Lionsgate Studios in Yonkers is set to cut the ribbon formally next month on a project announced in 2019 and delayed by Covid that, when finished, will be one of the largest modern-built production campuses in the Northeast. It’s not technically in New York City but only a half hour away and, along with planned expansions by other developers, will help ease the metro area’s ongoing soundstage crunch in a global boom of content production.
The project was conceived and built by Robert Halmi’s Great Point Studios, which owns and will manage the sprawling campus that could eventually house about a dozen soundstages. Lionsgate Entertainment has naming rights as anchor tenant and is renting all three of the ‘Phase One’ stages plus 100,000 square feet of office and support space on a long-term lease. Lionsgate Television’s Run the World, produced for Starz, will be its first show filming there.
Two of the stages are 20,000 square feet, the other is 10,000. There’s a new parking deck for 450 cars.
One tenant is Syracuse University’s S.I. Newhouse School of Public Communications, which will host juniors and seniors for coursework and hands-on learning and targeting a start in spring semester of 2022. Talks are ongoing to bring a major European content company on site as well. Lionsgate Studios’ grand opening is tentatively scheduled for January 11.
The unveiling was initially planned for fall of 2020 but Covid hit and nascent construction abruptly shut down. Halmi told Deadline that the pause allowed his team to rethink security, traffic flow and other design elements to make the site as safe, practical and comfortable as possible given the pandemic-infused state of work today and for the foreseeable future.
“We had time to reconfigure things,” the Hallmark Channel founder and Lonesome Dove producer said during a tour of the site in mid-November, before the giant Lionsgate sign was painted and wires and scaffolding had free rein. The work moves fast. The photo at left shows Halmi on what looks like a roof terrace that’s now enclosed and is the studio’s first commissary with, like much of the complex, striking river views.
Some of the shifts he refers too include a renewed focus on dedicated elevator banks, dressing rooms equipped with showers and small private dining areas for key cast. Advanced recognition and tracking can, if needed, identify individuals on site and trace their contacts. Carefully designed walkways and traffic flow expedites movement around the the complex. “Its organized in flow, so everyone goes in one way and out the other,” he said.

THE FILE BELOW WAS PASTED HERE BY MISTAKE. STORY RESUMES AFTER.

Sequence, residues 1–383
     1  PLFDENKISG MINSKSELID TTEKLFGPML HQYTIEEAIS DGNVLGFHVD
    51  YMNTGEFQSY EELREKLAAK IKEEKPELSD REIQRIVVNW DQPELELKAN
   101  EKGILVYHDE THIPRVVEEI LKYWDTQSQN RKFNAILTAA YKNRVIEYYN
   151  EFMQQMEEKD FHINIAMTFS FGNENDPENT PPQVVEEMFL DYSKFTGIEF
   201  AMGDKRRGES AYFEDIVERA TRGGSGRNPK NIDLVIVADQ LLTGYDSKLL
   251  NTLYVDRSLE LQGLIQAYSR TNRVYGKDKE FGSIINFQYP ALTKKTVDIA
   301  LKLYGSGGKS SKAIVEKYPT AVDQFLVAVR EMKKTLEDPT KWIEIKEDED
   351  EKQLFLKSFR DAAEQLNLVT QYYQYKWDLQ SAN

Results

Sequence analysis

The campus is meant to be full service from pre- and post-production space, writers rooms, screening rooms, art departments, props and equipment rental, lighting, catering, cleaning, security and studio management overlaid by a 24/7 concierge service that can help with everything from travel plans to childcare. There will ultimately be parking for 750 cars and 100 trucks. Also, there are 2.4 megawatts of solar power and an acre of green space where food for the two commissaries will be grown.
Lionsgate Studios’ soundproof walls sit practically astride a train station, Metro North and Amtrak. The train is 25 minutes from New York City — drive time about 35 minutes. Halmi said one crucial stat is the studio’s 14-mile run from Columbus Circle, a key distance locator for union staff. Beyond 32 miles from Columbus Circle, union workers can apparently bill from when they leave home.
The initial investment in the project is $500 million for more than14.5 acres, and it keeps expanding. Much is new building and overbuilding of existing spaces at the site including the historic headquarters of Otis Elevators since early in the last century and a large outpost of Kawasaki, which built railroad cars on the site.
The project has had enthusiastic support from Yonkers Mayor Mike Spano, who has called it a “game-changer” for the city.
It’s a centerpiece in accelerating and grounding the ongoing, 10-year rejuvenation of the waterfront district. Spano created Yonkers’ first Film Office, according to which the city hosted, at most, five production days back in 2012. That’s surged. Permits are free; City Hall, the historic train station, streetscapes and the Hudson River attract location shoots, including scenes from from Billions, City on a Hill and The Irishman. But dubbing itself the “Burbank of New York City” was tough with just one soundstage.
Halmi’s Great Point Studios is an offshoot of Great Point Capital Management, which he founded in 2013 with Jim Reeve. That UK-based firm is a leading fund manager, film and television financier and investor in early-stage creative businesses. Halmi partnered in the studios venture with longtime media and entertainment banker Fehmi Zeko.
“Between us, we knew everyone and had strong relationships with Lionsgate,” Zeko said.
There’s been a mad dash to build and buy soundstages and studios as the rise of streamers led to a booming demand for limited production space even before Covid. With the pandemic, producers increasingly prefer to work on self-sufficient soundstages, spaces that can be more easily controlled. Emmy- and Golden Globe-winning Halmi, who started producing in the 1980s and has more than 250 credits to his name, says years of experience in the business give him particular insight as a developer.
Great Point is developing a smaller studio complex in Buffalo and others to be announced. In October 2020, it took over lease and management of the large Seren Stiwdios complex near Cardiff, two hours from London, from the Welsh government. It plans to expand the site, updating existing studio space and adding 150,000 square feet of stages, offices, backlots and integrated services.
Subscribe to Deadline Breaking News Alerts and keep your inbox happy.